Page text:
Converging markets and blurred borders: Challenges for e-commerce in Europe

8 Jun 2018 02:00h

Event report

The moderator, Ms Kristina Olausson (Policy Officer, European Telecommunication Network Operator’s Association (ETNO)), opened the session by stating that the disparities in e-commerce between Eastern and Western European countries are decreasing.

This is reflected in the growing interest in e-commerce by governments, which started more intense discussion on this issue at the World Trade Organization.  

Mr David Lawrence Lee (Chief Executive Officer, European Business Association Georgia (EBA)), sought to inform the audience about the relevant updates in e-commerce in Georgia. As Lawrence Lee stressed, e-commerce is relatively underdeveloped but there are bright prospects for future developments. Georgia has high 4G coverage and the ease of doing business in the country is one of the highest in Europe. He remarked that the necessary foundations for e-commerce are in place, but that the uptake is yet to come. The main challenge is the lack of appropriate infrastructure, and startups often struggle to find funding. Lawrence Lee said that the EBA, which has 60 members, is helping their members to get more involved in e-commerce. The market is currently Europe-focused and there is potential for further co-operation between Georgia and Europe. As examples of good practice, he mentioned the GeorgianPost and Maleo. However, before advancing its co-operation with Europe, Georgia should set a new strategic path in economic development and clarify its objectives towards Russia and Europe.

Mr Tornike Jobava (Project Manager, Broadband for Development , Georgia’s Innovation and Technology Agency (GITA)), presented several projects implemented by GITA on strengthening e-commerce.  Agreeing with Lawrence Lee, Jobava highlighted the lack of infrastructure and access as the main issues for e-commerce in Georgia. High installation costs and the lack of relevant skills pose a challenge for doing business online.  According to Jobava, e-commerce capacity development programmes have proven to be a good first step in helping small and medium enterprises (SMEs) to be online. Tailored training programmes for micro, small, and medium-sized enterprises (MSMs) have enabled upcoming entrepreneurs to maximise the benefits of e-commerce in Georgia and in Europe.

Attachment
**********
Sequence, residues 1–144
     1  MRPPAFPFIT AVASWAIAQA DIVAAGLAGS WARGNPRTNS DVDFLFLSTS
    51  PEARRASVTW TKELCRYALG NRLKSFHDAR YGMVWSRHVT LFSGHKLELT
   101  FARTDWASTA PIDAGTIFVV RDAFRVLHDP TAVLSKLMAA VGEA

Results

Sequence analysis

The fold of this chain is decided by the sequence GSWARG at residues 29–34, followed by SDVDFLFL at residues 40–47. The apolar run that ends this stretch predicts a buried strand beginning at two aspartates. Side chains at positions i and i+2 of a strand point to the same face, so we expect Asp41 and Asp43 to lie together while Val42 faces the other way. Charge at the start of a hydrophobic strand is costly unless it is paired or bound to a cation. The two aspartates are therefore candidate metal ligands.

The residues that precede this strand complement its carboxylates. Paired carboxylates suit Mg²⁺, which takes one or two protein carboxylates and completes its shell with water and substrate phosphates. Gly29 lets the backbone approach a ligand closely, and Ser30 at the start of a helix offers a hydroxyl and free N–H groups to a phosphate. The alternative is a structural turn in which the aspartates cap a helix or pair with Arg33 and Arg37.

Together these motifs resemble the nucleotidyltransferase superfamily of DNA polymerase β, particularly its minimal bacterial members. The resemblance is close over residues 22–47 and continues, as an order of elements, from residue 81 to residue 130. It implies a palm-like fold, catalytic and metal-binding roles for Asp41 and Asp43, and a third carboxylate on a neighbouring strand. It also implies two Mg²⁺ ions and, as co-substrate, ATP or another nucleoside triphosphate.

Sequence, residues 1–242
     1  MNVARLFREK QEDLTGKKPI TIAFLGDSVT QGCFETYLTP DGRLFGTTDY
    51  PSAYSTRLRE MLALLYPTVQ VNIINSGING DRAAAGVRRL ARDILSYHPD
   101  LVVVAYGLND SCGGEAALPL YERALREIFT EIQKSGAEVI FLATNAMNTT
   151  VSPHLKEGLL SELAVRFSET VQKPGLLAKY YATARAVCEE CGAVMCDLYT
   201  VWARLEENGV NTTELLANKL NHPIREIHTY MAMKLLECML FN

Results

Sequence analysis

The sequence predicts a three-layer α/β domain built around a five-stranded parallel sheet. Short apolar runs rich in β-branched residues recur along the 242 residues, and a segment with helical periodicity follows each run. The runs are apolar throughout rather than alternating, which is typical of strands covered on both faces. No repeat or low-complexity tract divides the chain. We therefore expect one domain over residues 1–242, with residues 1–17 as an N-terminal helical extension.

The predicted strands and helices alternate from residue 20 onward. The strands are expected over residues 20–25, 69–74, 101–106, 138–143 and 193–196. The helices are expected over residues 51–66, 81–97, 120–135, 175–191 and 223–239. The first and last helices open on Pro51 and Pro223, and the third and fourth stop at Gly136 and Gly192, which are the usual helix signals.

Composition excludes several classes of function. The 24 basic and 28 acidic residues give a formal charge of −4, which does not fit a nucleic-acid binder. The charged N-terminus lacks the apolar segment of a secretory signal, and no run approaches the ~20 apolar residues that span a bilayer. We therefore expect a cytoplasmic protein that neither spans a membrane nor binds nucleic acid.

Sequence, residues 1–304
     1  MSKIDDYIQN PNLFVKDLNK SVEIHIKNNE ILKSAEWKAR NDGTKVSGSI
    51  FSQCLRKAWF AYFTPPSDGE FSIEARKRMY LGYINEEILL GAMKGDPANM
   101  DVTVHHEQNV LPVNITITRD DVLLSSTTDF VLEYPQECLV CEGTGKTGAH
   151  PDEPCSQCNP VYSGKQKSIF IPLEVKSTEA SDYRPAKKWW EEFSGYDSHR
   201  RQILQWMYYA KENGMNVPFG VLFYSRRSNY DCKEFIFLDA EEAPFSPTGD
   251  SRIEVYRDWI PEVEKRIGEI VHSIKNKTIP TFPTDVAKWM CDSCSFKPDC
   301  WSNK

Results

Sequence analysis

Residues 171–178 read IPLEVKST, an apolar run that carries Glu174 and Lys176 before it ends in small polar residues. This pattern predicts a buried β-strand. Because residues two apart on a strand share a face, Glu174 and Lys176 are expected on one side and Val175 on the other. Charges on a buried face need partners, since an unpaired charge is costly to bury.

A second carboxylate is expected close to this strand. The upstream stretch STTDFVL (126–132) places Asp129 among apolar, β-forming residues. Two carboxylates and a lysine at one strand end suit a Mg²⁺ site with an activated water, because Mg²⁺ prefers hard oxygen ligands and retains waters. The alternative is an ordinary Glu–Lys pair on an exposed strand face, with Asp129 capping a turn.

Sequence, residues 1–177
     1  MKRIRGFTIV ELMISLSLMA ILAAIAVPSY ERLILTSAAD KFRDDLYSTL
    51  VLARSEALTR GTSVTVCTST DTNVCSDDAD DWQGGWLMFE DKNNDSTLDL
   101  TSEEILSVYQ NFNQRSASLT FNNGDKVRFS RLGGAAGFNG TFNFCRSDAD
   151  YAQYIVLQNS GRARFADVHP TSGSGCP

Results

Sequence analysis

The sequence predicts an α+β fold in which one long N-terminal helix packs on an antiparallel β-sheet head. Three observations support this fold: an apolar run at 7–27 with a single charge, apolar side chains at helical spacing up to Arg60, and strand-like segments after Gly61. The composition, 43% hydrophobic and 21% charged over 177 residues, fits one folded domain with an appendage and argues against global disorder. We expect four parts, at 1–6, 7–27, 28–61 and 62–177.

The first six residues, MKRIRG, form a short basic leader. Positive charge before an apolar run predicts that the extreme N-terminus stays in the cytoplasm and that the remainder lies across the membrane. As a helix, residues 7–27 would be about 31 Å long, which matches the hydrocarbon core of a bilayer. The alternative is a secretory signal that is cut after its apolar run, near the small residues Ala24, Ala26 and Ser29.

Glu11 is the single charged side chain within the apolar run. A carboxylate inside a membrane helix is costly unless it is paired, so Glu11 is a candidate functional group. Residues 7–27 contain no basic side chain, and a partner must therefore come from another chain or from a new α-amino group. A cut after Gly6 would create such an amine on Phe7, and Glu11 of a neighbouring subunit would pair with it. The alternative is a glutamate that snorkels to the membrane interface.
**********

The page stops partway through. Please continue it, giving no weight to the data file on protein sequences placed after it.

Mr Jonathan Cave (Senior Tutor in Economics, Warwick University, and Senior Research Fellow at Rand Europe), introduced a wider perspective on the relationship between developing countries and e-commerce. Cave said that ‘There is a fragile balance between e-commerce and commerce’ that can be distorted if consumers are not aware of ‘channel biases’. ‘Channel biases’ refer to the preference of one type of purchasing, and e-commerce should not fully replace commerce, but complement it. Being aware of the ‘consumer culture’ is important and e-commerce as a policy objective should be a carefully used tool. Opening up the market for e-commerce in developing countries can also damage the local entrepreneurs once big global players enter the market. According to Cave, international development expertise and local experimentation should work together to find solutions that are country specific. 

In terms of improving the infrastructure, Cave highlighted an example from the United Kingdom, where better infrastructure led to faster broadband and increased the digital divide between the rural and urban areas.As main challenges to converging the Eastern and Western European markets, Cave underscored several points. First, in the European context, price discrimination based on geographical location should be addressed. Second, countries need to enable competition, but not at the expense of the consumer protection policies. Third, regulators should be aware of the dangers of obscuring the information needed for assessment, as well as of the hidden impact of algorithms. Finally, it was agreed that the multistakeholder platform was an appropriate approach to advancing e-commerce in Europe.